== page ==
There is no real leadership in the country – the avoidance tactics of President Cyril Ramaphosa at the Zondo Commission to account for failures; his insistence of the necessity and normality of cadre deployment which was demonstrated again in appointing tainted Nosiviwe Mapisa-Nqabule as the speaker of the House gives little hope that this might change in the near future.

The education system in the country produces many matriculants without any proper general knowledge, the output of the education system often produces alumni who are not employable. The BEE system serves not really a purpose in the current form and shape.

The list of woes is certainly longer – and one could fall into deep despair looking at the shape and prospect of South Africa. I guess the only way out is to be honest and clear about the situation, raising respectfully but forcefully the realities, and to start in earnest to tackle the problems by concentrating on two two essential pillars of every society: health and education. And when I talk about health, I also mean the mental health of a society.

Giving up on 58 million people only because of government failure is not in option. Civil society has to take the lead, NGO’s have to come much more to the table and synergies have to be created between those existing capable and willing government officials and those within civil society joining hands and hearts to get it right.

There will be no fix in short time – it is a long and thorny way. But if we don’t start now, the next generation will once again be defrauded of all the opportunities needed for a healthy, prosper society.

Filed under: Africa, Reflection, Society and living environment, South Africa, Uncategorized, , , , , , ,

The vaccine confusion

AstraZeneca vaccine stopped – so the headlines around the world when South Africa decided to re-think the use of the vaccine it bought for a higher price without checking the expiry date – and one could think this is a typical story – or another example of the incompetence of South Africa’s national government. That may be the case, but I guess, in this time and situation government bashing should not be first priority but to look a bit deeper into this headline creating event.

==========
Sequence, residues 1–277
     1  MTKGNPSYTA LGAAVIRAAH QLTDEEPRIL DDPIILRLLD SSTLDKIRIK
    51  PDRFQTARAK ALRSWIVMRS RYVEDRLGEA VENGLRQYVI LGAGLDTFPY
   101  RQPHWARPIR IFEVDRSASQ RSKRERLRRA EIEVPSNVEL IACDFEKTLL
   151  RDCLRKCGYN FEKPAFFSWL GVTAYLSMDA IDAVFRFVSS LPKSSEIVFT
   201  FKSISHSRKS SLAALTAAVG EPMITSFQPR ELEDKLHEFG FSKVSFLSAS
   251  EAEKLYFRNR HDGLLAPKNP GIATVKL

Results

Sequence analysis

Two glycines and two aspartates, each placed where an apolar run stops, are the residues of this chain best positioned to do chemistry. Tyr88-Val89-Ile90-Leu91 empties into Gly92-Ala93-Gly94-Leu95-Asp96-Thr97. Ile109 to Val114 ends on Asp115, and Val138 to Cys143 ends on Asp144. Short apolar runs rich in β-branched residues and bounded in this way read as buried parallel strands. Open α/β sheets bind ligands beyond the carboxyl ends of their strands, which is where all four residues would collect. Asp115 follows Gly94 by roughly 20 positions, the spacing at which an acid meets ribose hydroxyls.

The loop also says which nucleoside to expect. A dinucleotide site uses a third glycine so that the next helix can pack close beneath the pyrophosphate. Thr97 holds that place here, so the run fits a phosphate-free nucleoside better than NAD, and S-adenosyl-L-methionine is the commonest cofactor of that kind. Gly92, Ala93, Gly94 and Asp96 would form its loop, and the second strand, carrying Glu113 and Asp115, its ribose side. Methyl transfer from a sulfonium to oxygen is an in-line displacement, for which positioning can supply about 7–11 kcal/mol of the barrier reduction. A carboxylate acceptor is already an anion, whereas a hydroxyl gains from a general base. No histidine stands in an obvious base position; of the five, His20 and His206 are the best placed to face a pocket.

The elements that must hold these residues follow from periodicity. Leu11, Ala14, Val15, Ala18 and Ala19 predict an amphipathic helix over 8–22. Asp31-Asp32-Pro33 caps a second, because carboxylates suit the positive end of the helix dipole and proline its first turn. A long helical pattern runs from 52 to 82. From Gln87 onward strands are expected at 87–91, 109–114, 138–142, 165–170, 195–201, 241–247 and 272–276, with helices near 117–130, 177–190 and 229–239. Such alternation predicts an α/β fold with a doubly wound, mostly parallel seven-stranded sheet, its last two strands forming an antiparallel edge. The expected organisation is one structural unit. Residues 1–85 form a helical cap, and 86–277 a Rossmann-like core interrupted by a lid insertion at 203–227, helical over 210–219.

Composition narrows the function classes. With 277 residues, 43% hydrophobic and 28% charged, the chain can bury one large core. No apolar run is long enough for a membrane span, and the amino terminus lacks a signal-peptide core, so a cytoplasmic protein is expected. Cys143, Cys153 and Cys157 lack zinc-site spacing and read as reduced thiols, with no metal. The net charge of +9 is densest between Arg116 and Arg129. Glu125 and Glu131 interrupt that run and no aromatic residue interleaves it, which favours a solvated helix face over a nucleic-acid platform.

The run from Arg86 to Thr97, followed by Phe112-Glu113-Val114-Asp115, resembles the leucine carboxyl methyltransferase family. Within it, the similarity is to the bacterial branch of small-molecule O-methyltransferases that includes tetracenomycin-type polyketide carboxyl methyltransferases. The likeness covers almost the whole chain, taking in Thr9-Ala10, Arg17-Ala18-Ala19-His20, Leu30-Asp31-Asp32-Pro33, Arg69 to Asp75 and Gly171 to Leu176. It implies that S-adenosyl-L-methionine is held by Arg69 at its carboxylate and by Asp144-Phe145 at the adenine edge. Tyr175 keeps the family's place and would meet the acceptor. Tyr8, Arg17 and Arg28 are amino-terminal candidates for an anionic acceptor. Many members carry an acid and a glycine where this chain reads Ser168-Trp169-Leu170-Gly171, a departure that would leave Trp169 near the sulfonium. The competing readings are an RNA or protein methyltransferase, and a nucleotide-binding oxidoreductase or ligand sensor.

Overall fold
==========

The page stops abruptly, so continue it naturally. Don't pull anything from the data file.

The first batch of vaccines in South Africa was designated to be used for the health worker at the forefront of the fight against the pandemic; and obviously the aim is to protect those doctors, nurses and health workers against the virus. It was known that the AstraZeneca vaccine was not a 100% protection, but a small and not peer-to-peer reviewed study, which in itself poses more questions than answers was cited as the reason to stop the vaccination drive before it started.
And here the first critical thought has to be mentioned:
This discussion is way above the heads of the general population. The South African government, in its drive to be as transparent as possible, decided to bring into the public a level of medical research discourse which created more confusion than it helped to motivate people to make an informed decision on wanting to be vaccinated. It also laid bare the underlying belief of many, that a vaccine is either the miracle cure or not helping at all.
In reality, we are far from understanding the virus and the potential of vaccinations in this case. Questions about how long the vaccine will work, what possible boosters are needed, how mutations will change the course of strategy and whether vaccinated people can still be infected or pass on the virus are questions in transition of answers. Combinations of vaccines would be another question which warrants an answer.

The advent of highly expert driven expert discussions in the public and political domain is creating more havoc and uncertainty then intended by those allowing for it. And looking through publications and mini studies and opinion pieces one can’t stop thinking that some so-called or self-identified experts have their own popularity as priority number one on their agenda. Also here social media are at parts more a curse than a blessing, when it comes to relay information which are factual correct and done in a way which enlighten ordinary people.